Senator Erica Smith comments on redistricting legislation

Published 7:49 pm Tuesday, January 16, 2018

Democratic Senator Erica D. Smith of Northampton County, who also represents Tyrrell in the North Carolina General Assembly, commented recently on redistricting. Senator Smith is a member of the Senate Redistricting Committee.

“While they have received criticism from GOP leaders, these maps are a step toward providing all North Carolinians equal voices in our democracy,” Senator Smith stated in an online newsletter.

She was referring to the newly drawn North Carolina House and Senate district maps, proposed by Stanford law professor Nathaniel Persily, that are being reviewed by a panel of three federal judges.

The proposed maps alter 28 of the General Assembly’s 170 total districts, mostly in the counties in or around the cities of Raleigh, Greensboro, Charlotte and Fayetteville.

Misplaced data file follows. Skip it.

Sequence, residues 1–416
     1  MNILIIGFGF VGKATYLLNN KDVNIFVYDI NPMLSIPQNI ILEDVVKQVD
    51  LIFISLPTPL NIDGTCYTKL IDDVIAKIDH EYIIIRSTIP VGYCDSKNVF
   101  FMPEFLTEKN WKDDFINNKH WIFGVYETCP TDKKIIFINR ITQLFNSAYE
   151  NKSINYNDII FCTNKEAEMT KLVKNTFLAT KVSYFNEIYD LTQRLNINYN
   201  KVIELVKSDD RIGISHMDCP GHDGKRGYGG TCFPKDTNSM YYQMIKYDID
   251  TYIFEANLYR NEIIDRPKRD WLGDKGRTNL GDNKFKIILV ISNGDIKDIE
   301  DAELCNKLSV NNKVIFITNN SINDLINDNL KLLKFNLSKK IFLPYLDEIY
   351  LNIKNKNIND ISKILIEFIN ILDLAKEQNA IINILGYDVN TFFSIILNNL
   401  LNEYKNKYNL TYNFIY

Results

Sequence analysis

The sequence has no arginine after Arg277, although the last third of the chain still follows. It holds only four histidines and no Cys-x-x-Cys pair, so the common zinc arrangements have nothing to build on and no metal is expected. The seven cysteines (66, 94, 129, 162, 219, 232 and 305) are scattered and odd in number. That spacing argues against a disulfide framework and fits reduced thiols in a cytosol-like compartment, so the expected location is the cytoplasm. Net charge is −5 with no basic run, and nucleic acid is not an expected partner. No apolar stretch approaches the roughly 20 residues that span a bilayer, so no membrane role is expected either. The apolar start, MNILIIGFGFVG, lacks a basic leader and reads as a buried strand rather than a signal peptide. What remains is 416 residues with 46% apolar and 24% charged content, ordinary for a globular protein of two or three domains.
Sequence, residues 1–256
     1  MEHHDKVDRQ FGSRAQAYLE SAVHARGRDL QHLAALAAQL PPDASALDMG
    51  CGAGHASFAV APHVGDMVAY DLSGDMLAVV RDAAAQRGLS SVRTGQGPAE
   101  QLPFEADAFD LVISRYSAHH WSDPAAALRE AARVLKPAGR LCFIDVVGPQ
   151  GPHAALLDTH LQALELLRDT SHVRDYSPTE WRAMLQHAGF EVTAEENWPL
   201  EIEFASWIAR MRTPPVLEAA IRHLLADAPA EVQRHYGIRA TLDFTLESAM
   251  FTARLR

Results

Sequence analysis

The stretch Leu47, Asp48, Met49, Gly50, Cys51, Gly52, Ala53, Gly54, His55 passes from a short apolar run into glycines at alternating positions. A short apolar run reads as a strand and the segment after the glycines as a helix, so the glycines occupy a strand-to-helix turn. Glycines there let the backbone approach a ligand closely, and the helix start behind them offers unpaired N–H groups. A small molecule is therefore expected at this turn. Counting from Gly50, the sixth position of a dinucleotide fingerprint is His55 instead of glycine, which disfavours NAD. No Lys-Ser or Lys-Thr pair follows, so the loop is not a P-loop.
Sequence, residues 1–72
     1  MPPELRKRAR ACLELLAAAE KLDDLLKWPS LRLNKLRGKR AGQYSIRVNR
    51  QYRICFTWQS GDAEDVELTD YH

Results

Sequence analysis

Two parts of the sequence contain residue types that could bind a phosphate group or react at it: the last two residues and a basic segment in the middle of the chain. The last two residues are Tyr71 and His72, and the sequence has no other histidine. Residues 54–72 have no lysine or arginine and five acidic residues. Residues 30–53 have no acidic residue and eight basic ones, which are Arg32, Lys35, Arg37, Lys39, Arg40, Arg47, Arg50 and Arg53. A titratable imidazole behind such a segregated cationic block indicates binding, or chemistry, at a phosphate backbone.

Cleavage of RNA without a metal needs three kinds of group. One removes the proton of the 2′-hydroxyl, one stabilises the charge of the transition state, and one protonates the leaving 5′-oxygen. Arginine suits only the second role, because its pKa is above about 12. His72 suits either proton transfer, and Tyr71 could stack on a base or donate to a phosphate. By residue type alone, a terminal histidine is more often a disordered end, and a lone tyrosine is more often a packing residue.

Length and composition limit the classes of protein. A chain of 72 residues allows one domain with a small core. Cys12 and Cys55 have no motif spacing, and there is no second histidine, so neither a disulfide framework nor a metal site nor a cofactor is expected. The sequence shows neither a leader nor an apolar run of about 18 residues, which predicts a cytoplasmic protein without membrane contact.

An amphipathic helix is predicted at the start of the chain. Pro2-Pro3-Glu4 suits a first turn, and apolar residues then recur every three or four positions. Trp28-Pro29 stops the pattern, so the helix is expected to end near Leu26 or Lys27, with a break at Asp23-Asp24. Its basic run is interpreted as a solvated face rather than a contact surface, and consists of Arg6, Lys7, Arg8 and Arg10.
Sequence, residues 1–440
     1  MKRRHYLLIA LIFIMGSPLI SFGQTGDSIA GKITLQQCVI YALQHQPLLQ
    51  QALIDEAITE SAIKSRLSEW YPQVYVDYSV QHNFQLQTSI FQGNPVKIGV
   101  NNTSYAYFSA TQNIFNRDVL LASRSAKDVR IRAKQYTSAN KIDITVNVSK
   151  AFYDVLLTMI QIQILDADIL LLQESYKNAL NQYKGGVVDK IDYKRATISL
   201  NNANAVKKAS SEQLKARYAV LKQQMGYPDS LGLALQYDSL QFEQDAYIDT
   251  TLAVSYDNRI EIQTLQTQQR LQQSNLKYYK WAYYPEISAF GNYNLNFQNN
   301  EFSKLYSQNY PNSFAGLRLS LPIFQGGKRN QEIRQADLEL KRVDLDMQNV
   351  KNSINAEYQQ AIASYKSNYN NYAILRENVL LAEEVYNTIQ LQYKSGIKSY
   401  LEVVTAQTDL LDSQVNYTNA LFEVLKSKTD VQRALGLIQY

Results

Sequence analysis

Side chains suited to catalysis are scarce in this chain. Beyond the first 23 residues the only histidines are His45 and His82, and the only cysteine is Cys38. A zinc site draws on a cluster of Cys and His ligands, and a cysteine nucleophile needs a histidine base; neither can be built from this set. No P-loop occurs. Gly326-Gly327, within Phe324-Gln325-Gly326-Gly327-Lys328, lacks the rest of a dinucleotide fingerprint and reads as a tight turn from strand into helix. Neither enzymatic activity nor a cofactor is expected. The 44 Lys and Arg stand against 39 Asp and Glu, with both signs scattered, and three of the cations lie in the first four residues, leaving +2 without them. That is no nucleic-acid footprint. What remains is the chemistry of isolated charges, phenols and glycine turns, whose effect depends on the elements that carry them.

Persily contends that “there was no ‘racial targeting,'” in the drawing of the new maps and that he focused on “race-neutral criteria” like creating more compact districts and minimizing precincts split between districts, and presented data to prove it,” the senator reported.

The “plan is inoculated against the kind of attack that the legislative defendants seek to lodge with respect to racial predominance,” Persily wrote. It eliminates “all of the constitutional infirmities the court has identified.”

In 2016 the three-judge panel found that 28 legislative districts in seven counties are unconstitutional racial gerrymanders. A court order, along with new district lines, could come any day.

Changing districts pose unique problems for legislative candidates, who under the state constitution have to live in the district for a year prior to the election Congressional candidates, will have no residency requirement.

Representative Bob Steinburg (R-Chowan) has said he will seek a Senate seat if the district lines finally agreed to will allow him to run.

Another panel of three federal judges on January 9 struck down North Carolina’s congressional district. The ruling leaves the boundaries for the state’s 13 congressional districts uncertain ahead of the February 12 start of candidate filing, adding more uncertainty for candidates, elections officials, and voters.